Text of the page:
International Paper Announces Cardboard Recycling Plan
International Paper, the world’s largest paper company, has announced a long-term agreement with Balcones Resources that IP says will allow it to increase the amount of used cardboard boxes recovered from its waste stream by 15 percent, compared to a 2010 baseline, by 2020.
Under the agreement, recovered material will be used in the company’s production of new corrugated boxes.
International Paper already recovers, processes or facilitates the sale of more than 6 million tons of fiber each year in the US, which the company says makes it one of the country’s largest paper recyclers. One of the company’s 12 sustainability goals for 2020 targets an increase in old corrugated container recovery. International Paper operates 23 of its own recycling facilities around the world, and also uses collaborations and acquisitions to recover material.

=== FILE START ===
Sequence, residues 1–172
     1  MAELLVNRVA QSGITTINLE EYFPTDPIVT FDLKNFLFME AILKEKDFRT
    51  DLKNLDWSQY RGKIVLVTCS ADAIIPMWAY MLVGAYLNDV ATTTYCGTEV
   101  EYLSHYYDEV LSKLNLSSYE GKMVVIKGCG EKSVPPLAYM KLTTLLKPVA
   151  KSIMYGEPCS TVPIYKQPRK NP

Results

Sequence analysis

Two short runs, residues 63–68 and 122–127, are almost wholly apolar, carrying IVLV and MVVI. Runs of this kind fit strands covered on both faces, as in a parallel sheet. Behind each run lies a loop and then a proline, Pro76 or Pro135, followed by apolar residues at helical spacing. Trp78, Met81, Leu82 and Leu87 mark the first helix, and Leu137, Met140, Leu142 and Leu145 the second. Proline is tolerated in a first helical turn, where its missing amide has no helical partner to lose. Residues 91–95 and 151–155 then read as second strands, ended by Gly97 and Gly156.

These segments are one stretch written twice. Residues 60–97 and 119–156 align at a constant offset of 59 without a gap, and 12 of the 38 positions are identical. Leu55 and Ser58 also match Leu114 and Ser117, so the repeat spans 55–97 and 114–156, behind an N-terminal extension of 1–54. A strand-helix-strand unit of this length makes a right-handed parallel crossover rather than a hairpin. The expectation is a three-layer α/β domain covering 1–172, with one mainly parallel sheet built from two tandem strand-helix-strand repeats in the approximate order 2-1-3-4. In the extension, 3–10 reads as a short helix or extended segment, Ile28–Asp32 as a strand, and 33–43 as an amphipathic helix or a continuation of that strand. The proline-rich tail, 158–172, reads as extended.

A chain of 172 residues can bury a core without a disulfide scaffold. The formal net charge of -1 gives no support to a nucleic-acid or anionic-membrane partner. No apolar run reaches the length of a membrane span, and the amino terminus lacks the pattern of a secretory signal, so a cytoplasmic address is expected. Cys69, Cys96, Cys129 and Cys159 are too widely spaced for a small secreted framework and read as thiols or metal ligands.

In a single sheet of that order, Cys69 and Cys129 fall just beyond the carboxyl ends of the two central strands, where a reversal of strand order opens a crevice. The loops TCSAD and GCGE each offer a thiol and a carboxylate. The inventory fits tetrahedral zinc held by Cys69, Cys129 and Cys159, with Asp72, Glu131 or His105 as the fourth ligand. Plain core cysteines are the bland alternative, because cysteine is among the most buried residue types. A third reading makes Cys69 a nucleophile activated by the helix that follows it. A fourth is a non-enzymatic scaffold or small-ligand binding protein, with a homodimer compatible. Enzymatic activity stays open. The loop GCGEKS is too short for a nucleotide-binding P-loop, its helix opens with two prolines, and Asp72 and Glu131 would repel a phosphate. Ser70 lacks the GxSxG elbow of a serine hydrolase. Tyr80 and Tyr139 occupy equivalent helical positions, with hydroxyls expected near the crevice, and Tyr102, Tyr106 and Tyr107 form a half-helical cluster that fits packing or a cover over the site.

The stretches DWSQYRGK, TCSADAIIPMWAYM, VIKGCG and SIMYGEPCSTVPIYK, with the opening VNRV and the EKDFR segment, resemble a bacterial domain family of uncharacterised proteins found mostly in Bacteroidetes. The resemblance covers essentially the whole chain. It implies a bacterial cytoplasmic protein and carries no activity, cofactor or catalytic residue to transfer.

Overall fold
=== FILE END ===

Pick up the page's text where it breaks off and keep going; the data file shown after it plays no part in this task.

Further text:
In other waste paper news, a new study shows a decrease in the corrugated industry’s use of wax coatings since 2002, according to research by the Corrugated Packaging Alliance. The organization attributes the 33 percent decline in waxed corrugated cardboard to the development of recyclable alternatives. By developing and using wax alternatives, the industry continues to increase the amount of recyclable corrugated packaging.
In 2012, the corrugated industry shipped 9.4 billion square feet of boxes using recyclable wax alternative coatings. That’s over 621 percent more than the 1.3 billion square feet shipped when first measured in 2002.
Some 46 recyclable wax alternatives have passed certification testing for “repulpability” and recyclability and have been registered with the Fibre Box Association as of October, the COA says.
In July, New Orleans Fish House began testing recyclable coated corrugated boxes as methods of transporting locally caught seafood. The boxes, made by Cascades Industrial Packaging and Interstate Container, are designed to be recyclable, unlike the paraffin-coated packaging typically used, and also withstand the icy seafood packing process.
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